Construction engineering presented me with an opportunity to be an engineer. I could be outside building projects and seeing the results. The icing on the cake was my internship, where I spent three summers testing out the career path.


The construction industry offers endless opportunities for a wide range of skill sets for men and women alike. With the innovation and collaborative software solutions we have today, the industry needs individuals who celebrate all aspects of our business. Safety. VDC/BIM expertise. Pre-construction planning. Operations. Craft professionals. Quality and scheduling. MEP. Accounting and business development.

At McCarthy, we have office and field positions available in all of our locations. These are exciting times to be in our industry. Over the past two-plus years, we’ve seen additional market sectors leaning toward design-build delivery to deliver their projects. While this need is driven initially by the need for more timely delivery of an end service—courtrooms, medical facilities, etc.—it also carries the advantages of more cost certainty over the traditional method of design followed by pricing, scope refinement to match budget, and then advancing into construction.

The largest trend is not a trend specific to construction. Being able to communicate—taking the time to clearly and concisely be on the same page is critical. That means you have to be willing to ask questions, and deliver the news—good and bad—on the status of each project.

What does it take to succeed today? You must be driven, learn everything you can, be open to challenge and focus on the solutions that matter. By doing your part and

supporting your entire team, you win. Performance conquers all things and enables anyone to achieve their goals.

I remember what one of the vice presidents I worked with early in my career said to me about being in this business: Success in the construction industry is analogous to being set adrift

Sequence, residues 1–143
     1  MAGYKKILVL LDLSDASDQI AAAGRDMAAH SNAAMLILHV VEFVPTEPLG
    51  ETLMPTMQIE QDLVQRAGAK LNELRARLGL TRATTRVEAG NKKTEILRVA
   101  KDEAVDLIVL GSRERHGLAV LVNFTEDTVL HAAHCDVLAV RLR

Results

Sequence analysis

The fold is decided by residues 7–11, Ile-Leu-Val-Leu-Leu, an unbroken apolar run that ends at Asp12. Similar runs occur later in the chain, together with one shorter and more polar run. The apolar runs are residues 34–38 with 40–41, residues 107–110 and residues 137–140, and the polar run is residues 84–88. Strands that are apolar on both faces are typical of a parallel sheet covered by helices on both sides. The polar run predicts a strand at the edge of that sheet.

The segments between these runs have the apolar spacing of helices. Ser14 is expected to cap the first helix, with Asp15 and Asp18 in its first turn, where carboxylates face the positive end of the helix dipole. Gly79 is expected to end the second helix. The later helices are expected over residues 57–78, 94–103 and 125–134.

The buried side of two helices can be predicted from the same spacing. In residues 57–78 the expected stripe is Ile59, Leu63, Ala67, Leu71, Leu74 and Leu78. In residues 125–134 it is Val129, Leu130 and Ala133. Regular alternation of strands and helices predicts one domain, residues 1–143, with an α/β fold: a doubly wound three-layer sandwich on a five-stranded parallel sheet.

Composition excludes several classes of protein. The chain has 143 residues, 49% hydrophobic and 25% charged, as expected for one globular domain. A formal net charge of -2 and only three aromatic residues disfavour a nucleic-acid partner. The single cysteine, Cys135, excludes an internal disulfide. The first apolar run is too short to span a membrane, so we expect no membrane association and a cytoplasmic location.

on the ocean with a lifeboat that holds six people. You will have 12 people to keep alive at all times. It is your job to determine who needs to be on the boat and who can swim for a bit, but they are all your responsibility.

So, as you make your way, remember to celebrate your successes. This industry will continue to challenge each of us. The best thing you can do is perform. While that sounds simple, it is easy to get distracted. Learn your role. Gain the knowledge you need and go for it.

` Ann Poppen is Executive Vice President of Operations of McCarthy's Northern Pacific region. Ann serves as the regional lead for pre-construction and operations, ensuring effective execution of its projects from award to closeout, including planning, budgeting, risk management, quality, safety programs and cost control. She brings more than 30 years of operational experience in design, planning, preconstruction design phase services and project execution.

You must be driven, learn everything you can, be open to challenge and focus on the solutions that matter. By doing your part and supporting your entire team, you win.

Pay it forward

The key to success is remembering who you are and where you are going

` I grew up with an architect dad and a mother who was gifted at fashion design and art. My parents, who both loved design, would take me to Sunday Open Houses in our neighborhood. That’s where my interest in design and architecture began.

I often daydreamed about my ideal bedroom, which included creating a staircase in my closet, leading to the attic, which would be transformed into my private ballet studio. To better express my daydreams, my parents encouraged me to draw proposed bedroom floor plans and rearrange my furniture to match. No surprise, my initial floorplans weren’t practical, but even so, it helped spark my interest in design.

Fast forward to senior year of high school, and I knew I wanted to pursue a design-related major in college. Weighing the options between fashion design or architecture, I ultimately chose to study architecture at the University of Southern California (USC). After five years of living in LA traffic, upon graduating I moved across the country to begin my architecture career in New York City.

During my time in NYC, I worked at Perkins Eastman in their Commercial MixedUse and Residential practice areas, where I had the opportunity to support, then lead multiple projects from schematic design through construction into TCO. From being a designer to project architect and eventually project manager, I quickly learned the project lifecycle and how to deliver projects.